19. Invention, intellectual property and income¶
Assignment for this week
- Develop a plan for dissemination of your final project
- Prepare drafts of your summary slide (presentation.png, 1920x1080) and
- Video clip (presentation.mp4, 1080p HTML5, < ~minute, < ~10 MB) and put them in your root directory.
As mentioned earlier in Applications and implications this will be a minimum viable product just to test the functionality of the initial product while I learn more about digital fabrication and perhaps use it for research. Using it for research depends on the final product as there are still a few details to work out. The details for research are not yet clear, but the overall idea would be to test the efficacy of the device. For instance, how effective is the bot in reminding (forcing) people to take a break? There is still plenty of things to do before getting to that stage, but if successful, the results or at least the considerations for developing such a device maybe be published in different forums.
Later, depending on how this trial version turns out, I might improve it and perhaps develop a device with more interactive features for actual use. This later developments could be to link them to the already existing activity trackers and somehow synchronise the data.
The device is meant to be engaging and a fun way to get people to take frequent breaks during their working days.
I do not intend to turn anything that has been done during this time into a business. There are no limitations on use and it is enough if someone else can learn from my Fab Academy journey and reproduce anything that has come out of it. Considering the nature and intent of the site, the most logical license seems to be one of the Creative commons licenses.
Creative commons license provide an easy way to manage the copyright terms that attach automatically to all creative material under copyright. Our licenses allow that material to be shared and reused under terms that are flexible and legally sound. Creative Commons offers a core suite of six copyright licenses. Because there is no single “Creative Commons license,” it is important to identify which of the six licenses you are applying to your material, which of the six licenses has been applied to material that you intend to use, and in both cases the specific version....
CC licenses may be applied to any type of work, including educational resources, music, photographs, databases, government and public sector information, and many other types of material. The only categories of works for which CC does not recommend its licenses are computer software and hardware.
The licenses types 1:
This license lets others distribute, remix, tweak, and build upon your work, even commercially, as long as they credit you for the original creation. This is the most accommodating of licenses offered. Recommended for maximum dissemination and use of licensed materials.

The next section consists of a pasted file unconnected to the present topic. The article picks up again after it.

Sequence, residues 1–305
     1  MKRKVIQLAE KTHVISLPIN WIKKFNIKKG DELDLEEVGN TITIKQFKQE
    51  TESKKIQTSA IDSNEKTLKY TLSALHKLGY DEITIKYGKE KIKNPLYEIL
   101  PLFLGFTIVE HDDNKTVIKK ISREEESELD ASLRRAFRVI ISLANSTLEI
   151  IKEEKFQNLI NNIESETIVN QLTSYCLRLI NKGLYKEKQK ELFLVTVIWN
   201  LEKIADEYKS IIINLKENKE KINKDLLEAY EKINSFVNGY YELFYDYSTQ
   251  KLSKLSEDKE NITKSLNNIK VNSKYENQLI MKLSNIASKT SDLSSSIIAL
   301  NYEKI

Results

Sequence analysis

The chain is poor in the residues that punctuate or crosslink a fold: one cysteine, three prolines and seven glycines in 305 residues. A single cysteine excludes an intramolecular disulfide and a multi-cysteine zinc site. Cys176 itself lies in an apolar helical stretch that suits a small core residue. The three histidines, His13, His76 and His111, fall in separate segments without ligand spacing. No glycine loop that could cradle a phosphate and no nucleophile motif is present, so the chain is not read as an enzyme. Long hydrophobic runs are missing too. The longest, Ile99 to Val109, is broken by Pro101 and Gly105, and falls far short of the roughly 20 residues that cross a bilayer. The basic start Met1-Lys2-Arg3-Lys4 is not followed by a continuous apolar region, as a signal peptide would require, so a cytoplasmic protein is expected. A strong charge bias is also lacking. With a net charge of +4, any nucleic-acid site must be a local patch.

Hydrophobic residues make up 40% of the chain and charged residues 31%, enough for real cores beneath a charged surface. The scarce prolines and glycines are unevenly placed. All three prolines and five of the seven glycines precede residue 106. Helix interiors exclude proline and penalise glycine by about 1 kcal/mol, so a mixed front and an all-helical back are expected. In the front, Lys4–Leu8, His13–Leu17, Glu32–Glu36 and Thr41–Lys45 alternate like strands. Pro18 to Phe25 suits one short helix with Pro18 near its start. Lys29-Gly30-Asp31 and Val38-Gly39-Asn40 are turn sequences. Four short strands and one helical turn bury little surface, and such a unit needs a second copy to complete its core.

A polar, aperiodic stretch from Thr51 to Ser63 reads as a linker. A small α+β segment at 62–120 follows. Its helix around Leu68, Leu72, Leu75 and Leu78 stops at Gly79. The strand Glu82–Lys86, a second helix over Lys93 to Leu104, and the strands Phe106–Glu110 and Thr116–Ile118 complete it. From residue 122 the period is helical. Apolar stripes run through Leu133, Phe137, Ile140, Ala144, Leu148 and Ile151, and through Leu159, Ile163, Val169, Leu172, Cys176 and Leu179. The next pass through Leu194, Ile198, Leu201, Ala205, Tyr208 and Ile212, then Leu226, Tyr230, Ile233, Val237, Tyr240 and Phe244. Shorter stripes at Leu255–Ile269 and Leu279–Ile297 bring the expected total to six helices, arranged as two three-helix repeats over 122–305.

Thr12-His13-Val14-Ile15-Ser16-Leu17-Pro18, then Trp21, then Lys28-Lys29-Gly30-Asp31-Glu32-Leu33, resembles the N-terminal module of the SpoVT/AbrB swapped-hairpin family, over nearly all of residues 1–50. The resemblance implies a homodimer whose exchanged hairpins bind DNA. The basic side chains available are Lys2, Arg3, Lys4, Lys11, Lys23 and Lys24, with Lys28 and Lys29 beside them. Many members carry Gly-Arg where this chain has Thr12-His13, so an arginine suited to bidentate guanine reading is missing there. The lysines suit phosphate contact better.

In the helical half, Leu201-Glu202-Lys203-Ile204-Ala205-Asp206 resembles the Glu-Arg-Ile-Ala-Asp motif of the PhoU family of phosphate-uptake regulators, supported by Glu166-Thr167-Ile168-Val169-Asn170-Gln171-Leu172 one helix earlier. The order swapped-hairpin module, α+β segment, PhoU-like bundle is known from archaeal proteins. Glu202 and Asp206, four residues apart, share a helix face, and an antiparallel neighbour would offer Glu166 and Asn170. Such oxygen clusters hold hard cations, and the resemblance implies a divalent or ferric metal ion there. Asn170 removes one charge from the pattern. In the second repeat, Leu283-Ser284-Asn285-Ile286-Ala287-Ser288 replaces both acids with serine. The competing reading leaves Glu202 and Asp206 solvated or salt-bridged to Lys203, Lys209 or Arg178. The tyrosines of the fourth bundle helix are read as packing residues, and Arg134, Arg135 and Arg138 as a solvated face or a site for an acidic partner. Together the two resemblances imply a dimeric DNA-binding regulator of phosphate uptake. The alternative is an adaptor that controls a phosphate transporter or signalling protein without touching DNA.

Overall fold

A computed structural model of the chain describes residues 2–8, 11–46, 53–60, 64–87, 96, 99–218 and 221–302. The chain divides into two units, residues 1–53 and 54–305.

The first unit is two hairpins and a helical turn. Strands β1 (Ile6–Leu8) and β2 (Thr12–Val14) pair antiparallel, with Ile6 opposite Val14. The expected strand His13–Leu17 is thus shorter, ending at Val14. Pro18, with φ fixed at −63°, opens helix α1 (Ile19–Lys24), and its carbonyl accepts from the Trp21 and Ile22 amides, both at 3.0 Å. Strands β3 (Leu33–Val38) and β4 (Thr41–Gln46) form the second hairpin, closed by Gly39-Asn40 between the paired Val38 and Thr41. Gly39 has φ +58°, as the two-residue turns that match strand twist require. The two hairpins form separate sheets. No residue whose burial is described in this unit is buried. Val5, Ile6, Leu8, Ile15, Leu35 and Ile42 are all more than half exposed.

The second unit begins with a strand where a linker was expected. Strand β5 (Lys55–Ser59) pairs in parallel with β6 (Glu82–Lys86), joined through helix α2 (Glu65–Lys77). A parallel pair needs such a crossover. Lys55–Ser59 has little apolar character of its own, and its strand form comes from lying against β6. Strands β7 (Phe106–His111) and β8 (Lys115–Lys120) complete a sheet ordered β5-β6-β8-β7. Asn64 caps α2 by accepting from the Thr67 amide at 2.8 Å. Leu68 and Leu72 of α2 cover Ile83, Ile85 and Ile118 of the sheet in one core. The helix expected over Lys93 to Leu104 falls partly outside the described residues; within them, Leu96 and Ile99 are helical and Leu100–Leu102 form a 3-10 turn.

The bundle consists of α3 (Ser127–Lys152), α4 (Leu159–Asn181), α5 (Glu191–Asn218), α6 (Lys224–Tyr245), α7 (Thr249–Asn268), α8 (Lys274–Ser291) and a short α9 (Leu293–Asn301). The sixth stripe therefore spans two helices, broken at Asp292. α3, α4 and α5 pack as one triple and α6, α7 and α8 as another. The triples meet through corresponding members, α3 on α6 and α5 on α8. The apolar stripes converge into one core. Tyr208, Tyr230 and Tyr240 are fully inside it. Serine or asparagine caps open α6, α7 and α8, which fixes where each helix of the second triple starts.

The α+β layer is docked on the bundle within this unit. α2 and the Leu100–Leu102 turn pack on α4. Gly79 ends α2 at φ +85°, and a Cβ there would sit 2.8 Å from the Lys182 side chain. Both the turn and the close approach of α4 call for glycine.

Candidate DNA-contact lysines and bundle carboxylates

This license lets others remix, tweak, and build upon your work even for commercial purposes, as long as they credit you and license their new creations under the identical terms. This license is often compared to “copyleft” free and open source software licenses. All new works based on yours will carry the same license, so any derivatives will also allow commercial use. This is the license used by Wikipedia, and is recommended for materials that would benefit from incorporating content from Wikipedia and similarly licensed projects.
This license lets others reuse the work for any purpose, including commercially; however, it cannot be shared with others in adapted form, and credit must be provided to you.
This license lets others remix, tweak, and build upon your work non-commercially, and although their new works must also acknowledge you and be non-commercial, they don’t have to license their derivative works on the same terms.
This license lets others remix, tweak, and build upon your work non-commercially, as long as they credit you and license their new creations under the identical terms.
This license is the most restrictive of our six main licenses, only allowing others to download your works and share them with others as long as they credit you, but they can’t change them in any way or use them commercially.
As my project is mostly just a physical product with limited software features, the second one of these licenses,Attribution-ShareAlike, which lets others remix, tweak, and build upon the work even for commercial purposes, as long as they credit the creator and license their new creations under the identical terms, seems the most logical.
If I improve the project further and it has potential for business, then i might later consider the Attribution-NonCommercial-ShareAlike license.
Other potential licenses considered included:
Fab Licence allows reproduction, modification, distribution, performance and display for any purpose, but requires acknowledgement a “project name”. Copyright is retained and must be preserved. The work will be provided as is; no warranty is provided, and users accept all liability.
The MIT License¶
The MIT License is a software license, that gives total freedom and rights to any person obtaining a copy of the software to use, copy, modify, merge, publish, distribute, sell or sublicense the software. The only condition is that the original MIT license text must appear in any derivative work, even if the license changes.
(The … copyright notice and this permission notice shall be included in all copies or substantial portions of the Software).
A draft copy of the final presentation below.
Things to do:
- Programming with Arduino
- Design a casing for the electronics and the bot
- Assemble the components.
- Presentation - Slide